Retro Trip Post: This is article 3 of 3 articles reflecting on our first trip to Thailand taken in 2011.
Before leaving the country we had to travel through Bangkok. We are very luck to have had friends living in the city at the time who provided us with a wealth of suggestions and a home base to return to.
DAY 1 – Sunday March 20, 2011
We arrived in Bangkok mid-day, having flown into Bangkok from Chiang Mai. At this point in our trip, the group of friends visiting for the wedding had lessened again and we were with one other couple from DC as well as one couple who were currently living in Bangkok. We went straight to our friend’s condo and cleaned up a bit.
For the afternoon, our friends took us to a bustling market. After wandering into the center of the market we sat down at a food booth and had noodles.
Dinner later that evening was at a Korean BBQ restaurant, So Ra Bol, that is a favorite of our friends in Bangkok. We sat in a private room (we did have 6 people) on cushions at a table sunken into the floor.
DAY 2 – Monday March 21, 2011
This was our first full day in Bangkok and it was time to visit all of the major tourist attractions. Although our friends who were hosting us had to work, they left us with a battery of information on how to visit the sites efficiently. Throughout our time in Bangkok, we used the public transportation; the MRT (subway) and BTS (elevated train) are both cheap and efficient. We took the trains to the dock where we bought a ferry pass to go up and down the Chao Phraya River.
Our first stop of the day was the Grand Palace. The Grand Palace is a large complex of buildings with temple-like roofs and ornately decorated in traditional images. It was already crowded, but most of the buildings are towering which allow for upward photos without too much of the crowd. We spent over an hour walking around and taking photos of the beautiful and interesting decorations.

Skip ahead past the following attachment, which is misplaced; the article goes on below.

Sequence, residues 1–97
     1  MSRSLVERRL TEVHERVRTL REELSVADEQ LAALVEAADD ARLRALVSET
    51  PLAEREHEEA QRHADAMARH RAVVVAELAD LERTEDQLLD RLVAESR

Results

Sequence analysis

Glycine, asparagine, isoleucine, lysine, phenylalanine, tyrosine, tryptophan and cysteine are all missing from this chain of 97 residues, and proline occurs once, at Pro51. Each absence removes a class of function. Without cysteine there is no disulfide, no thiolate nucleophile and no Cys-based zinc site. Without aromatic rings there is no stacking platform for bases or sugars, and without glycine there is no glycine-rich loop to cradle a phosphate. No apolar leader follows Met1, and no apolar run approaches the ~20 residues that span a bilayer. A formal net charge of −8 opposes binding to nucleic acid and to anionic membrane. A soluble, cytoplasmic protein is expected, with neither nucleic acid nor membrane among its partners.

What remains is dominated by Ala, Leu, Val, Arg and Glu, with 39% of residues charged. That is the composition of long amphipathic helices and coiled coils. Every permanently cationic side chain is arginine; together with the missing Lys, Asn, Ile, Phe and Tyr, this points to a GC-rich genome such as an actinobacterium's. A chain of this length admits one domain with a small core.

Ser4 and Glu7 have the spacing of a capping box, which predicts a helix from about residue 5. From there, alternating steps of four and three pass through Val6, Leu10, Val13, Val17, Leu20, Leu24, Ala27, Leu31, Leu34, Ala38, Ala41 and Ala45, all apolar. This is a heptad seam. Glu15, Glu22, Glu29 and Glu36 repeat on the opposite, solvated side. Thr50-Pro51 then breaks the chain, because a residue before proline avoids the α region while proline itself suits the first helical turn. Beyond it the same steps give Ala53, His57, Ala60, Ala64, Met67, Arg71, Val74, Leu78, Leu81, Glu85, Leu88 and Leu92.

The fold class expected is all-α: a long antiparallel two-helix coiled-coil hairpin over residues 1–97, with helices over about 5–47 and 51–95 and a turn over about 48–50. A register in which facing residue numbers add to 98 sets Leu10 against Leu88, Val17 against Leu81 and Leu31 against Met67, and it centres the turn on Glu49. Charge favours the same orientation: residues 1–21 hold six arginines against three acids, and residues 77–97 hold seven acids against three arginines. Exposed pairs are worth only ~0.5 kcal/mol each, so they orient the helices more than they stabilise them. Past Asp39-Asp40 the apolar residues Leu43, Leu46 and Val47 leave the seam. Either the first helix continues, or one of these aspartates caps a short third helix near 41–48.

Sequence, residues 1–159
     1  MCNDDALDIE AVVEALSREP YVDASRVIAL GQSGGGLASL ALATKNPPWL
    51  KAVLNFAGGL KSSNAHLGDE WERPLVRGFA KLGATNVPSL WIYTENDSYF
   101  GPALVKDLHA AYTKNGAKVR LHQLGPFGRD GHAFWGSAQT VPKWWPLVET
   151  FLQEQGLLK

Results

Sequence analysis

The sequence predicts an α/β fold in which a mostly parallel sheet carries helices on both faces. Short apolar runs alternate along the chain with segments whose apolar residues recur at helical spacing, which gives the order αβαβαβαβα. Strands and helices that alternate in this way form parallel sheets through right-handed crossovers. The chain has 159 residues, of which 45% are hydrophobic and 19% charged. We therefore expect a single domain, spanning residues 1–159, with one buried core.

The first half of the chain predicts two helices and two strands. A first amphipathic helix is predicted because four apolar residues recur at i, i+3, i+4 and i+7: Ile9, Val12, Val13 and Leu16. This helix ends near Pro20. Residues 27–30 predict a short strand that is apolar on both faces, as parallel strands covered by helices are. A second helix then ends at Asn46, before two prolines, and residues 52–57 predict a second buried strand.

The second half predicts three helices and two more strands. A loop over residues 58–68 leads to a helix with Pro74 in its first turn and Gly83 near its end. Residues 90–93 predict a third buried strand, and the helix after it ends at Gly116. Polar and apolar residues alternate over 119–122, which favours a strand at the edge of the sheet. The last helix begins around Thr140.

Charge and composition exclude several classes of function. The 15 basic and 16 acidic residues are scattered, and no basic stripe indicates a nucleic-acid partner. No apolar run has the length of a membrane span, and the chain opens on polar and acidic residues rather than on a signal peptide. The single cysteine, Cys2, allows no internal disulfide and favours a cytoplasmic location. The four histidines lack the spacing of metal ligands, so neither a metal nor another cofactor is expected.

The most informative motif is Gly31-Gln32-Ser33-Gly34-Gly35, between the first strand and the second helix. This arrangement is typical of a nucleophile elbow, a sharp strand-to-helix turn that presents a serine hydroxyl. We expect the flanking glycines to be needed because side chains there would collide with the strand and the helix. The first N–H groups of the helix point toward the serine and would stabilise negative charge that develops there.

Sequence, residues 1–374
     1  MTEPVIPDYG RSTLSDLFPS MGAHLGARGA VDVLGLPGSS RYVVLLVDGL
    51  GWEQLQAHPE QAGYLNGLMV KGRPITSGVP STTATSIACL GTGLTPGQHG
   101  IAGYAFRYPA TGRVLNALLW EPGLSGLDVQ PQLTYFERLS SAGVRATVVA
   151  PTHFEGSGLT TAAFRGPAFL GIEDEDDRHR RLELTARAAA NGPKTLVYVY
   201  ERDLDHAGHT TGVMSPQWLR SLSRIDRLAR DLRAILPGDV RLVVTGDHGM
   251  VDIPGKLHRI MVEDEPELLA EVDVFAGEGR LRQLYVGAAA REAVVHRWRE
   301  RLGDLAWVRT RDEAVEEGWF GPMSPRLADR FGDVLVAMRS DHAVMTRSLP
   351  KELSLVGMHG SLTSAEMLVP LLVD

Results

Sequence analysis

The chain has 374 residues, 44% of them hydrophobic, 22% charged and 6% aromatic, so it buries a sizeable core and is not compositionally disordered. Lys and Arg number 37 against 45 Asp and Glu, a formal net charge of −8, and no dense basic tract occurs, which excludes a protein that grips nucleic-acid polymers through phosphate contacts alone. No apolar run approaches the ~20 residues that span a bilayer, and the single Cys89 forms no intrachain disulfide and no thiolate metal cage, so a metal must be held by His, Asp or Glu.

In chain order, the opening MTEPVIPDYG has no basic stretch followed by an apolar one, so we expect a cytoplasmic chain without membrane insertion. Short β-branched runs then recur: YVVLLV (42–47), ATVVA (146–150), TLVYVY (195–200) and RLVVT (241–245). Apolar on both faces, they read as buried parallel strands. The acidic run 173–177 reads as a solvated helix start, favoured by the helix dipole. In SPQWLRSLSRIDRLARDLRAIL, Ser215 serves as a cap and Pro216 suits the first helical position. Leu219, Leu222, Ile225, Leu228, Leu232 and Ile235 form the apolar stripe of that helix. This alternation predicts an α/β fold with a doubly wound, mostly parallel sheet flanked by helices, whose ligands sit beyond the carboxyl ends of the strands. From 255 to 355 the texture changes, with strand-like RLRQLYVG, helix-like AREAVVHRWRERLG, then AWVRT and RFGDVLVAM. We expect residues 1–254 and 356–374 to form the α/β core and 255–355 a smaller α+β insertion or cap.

Inside of the Grand Palace is Wat Phra Kaew, or the Temple of the Emerald Buddha. Visitors can steal a glance at the emerald Buddha through a door as it sits high above the crowd.
On our way out to the Grand Palace we pasted slightly more modern buildings, still beautifully decorated, which are the current government buildings. The buildings were on meticulously landscaped grounds.
Our next stop was the nearby Wat Pho. Wat Pho is famous for its Reclining Buddha; a stature of Buddha laying down. The Reclining Buddha was a very large statue. Columns required to support the building made it impossible to see the entire Buddha at one time. Also amazing is how decorated the Buddha was from its head to its toes.
We knew our next stop would be across the river so we started for the boat docks. Hungry for lunch, we ate at a small restaurant along the water close to the boat docks.
The ferry then took us across the river to Wat Arun. Wat Arun is the type of temple that Jon and I find more interesting; old stone work like you’d hope to find exploring the jungle. Around the base of Wat Arun were more buildings housing statues and murals. Wat Arun can be climbed from the outside to about halfway up the building. The climb was steep and I remember it took me a while to finally decide to climb it.